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Valley Forge Christian College v. Americans United FOR Separation OF Church AND State 454 U.S. 464 (1982)

VALLEY FORGE CHRISTIAN COLLEGE v. AMERICANS UNITED FOR SEPARATION OF CHURCH AND STATE 454 U.S. 464 (1982)

Severely limiting the precedent of flast v. cohen (1968), the Supreme Court here tightened the requirements for standing in a taxpayer ' ssuit against the federal government.

Under a general power from Congress to dispose of surplus federal property, the Department of Health, Education and Welfare (HEW) transferred land and buildings worth over $500,000 to a religious college that trained students for the ministry. Because HEW calculated that the government benefited from the transfer at a rate of 100 percent, the college paid nothing.

Federal taxpayers sued to set aside the transfer, contending that it amounted to an establishment of religion. The Supreme Court held, 5–4, that the taxpayers lacked standing. The majority distinguished Flast, which had upheld taxpayer standing to challenge federal subsidies to church schools: Flast challenged an act of Congress; here plaintiffs challenged a decision by hew. Furthermore, Flast involved injury to the plaintiffs as taxpayers: tax money was to be spent unconstitutionally. Here the Court dealt not with Congress's spending power but with the power to dispose of property.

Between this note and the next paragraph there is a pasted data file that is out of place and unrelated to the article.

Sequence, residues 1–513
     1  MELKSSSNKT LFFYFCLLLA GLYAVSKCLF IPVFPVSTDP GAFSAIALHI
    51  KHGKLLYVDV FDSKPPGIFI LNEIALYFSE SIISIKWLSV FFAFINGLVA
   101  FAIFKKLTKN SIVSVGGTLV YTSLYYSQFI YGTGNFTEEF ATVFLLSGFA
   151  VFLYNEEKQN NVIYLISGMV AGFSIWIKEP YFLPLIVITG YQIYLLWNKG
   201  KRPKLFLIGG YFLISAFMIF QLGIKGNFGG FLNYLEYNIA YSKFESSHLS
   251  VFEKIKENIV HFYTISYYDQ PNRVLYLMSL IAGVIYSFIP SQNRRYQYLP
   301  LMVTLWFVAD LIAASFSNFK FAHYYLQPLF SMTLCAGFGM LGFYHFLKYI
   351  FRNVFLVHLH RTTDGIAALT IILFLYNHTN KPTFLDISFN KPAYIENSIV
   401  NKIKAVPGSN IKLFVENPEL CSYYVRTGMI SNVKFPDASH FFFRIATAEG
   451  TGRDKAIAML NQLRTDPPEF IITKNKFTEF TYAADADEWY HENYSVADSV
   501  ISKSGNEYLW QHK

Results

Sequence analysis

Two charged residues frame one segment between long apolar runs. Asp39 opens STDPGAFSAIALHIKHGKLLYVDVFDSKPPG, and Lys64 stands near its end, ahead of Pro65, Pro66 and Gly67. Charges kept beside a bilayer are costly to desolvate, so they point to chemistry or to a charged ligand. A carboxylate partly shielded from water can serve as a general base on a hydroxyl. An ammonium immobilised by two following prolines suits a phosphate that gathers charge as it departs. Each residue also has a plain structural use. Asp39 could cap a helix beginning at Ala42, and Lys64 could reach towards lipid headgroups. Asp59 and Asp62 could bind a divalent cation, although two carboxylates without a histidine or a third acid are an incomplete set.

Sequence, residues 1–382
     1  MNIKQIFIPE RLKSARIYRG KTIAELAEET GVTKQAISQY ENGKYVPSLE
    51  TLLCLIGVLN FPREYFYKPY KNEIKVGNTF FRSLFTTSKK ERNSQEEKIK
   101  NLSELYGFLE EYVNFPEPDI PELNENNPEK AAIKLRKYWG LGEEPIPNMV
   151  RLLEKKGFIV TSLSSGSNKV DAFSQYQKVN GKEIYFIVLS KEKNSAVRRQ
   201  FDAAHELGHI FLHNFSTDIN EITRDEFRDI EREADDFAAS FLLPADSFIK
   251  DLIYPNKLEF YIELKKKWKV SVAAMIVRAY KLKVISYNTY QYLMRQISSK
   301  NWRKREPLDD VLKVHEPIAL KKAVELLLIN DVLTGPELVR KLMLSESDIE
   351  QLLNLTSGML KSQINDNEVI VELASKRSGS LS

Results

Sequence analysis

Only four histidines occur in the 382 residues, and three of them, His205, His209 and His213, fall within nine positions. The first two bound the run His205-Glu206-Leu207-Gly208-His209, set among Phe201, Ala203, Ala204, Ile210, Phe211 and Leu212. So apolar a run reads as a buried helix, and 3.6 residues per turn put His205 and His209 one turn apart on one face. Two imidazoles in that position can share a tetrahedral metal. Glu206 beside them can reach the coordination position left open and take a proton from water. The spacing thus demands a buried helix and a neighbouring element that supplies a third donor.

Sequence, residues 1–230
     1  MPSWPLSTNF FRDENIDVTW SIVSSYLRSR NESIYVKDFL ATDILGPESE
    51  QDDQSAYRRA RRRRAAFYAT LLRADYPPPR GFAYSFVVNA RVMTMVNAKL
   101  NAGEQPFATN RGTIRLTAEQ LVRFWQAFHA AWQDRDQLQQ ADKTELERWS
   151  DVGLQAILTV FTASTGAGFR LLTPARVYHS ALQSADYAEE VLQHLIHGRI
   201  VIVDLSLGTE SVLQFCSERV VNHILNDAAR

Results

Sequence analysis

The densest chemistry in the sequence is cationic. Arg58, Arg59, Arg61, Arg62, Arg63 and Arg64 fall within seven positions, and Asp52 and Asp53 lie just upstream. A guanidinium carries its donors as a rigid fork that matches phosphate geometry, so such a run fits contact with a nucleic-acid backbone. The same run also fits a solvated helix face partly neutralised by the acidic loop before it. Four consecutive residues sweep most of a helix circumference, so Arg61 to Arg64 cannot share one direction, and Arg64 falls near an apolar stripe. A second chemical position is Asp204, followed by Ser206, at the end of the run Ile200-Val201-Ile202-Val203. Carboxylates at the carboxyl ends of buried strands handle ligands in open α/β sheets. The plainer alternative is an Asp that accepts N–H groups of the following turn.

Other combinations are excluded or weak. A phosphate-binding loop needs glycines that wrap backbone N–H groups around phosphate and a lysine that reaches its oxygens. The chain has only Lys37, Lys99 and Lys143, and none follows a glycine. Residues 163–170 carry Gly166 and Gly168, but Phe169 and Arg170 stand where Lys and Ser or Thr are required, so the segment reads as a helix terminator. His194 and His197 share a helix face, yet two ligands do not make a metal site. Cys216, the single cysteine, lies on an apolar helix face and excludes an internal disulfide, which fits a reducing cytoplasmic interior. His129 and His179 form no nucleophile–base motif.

The dissenters emphasized what everyone knew: absent taxpayer standing, no one has standing to challenge government donations of property to churches. In such cases the establishment clause is enforceable in the consciences of government officials, but not in court.

Kenneth L. Karst
(1986)

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